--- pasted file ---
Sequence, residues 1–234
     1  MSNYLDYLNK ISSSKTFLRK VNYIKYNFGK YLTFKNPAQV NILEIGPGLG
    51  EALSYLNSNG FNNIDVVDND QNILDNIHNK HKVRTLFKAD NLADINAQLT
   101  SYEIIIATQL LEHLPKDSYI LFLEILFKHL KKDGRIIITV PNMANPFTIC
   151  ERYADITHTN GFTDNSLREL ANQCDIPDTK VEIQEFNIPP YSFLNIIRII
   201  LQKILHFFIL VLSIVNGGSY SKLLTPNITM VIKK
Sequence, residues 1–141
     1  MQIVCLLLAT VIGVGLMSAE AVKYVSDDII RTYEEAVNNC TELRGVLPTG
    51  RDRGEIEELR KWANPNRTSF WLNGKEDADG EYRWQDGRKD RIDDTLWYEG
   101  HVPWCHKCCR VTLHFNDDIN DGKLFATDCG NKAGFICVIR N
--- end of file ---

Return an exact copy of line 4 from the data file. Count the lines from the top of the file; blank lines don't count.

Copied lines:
   101  SYEIIIATQL LEHLPKDSYI LFLEILFKHL KKDGRIIITV PNMANPFTIC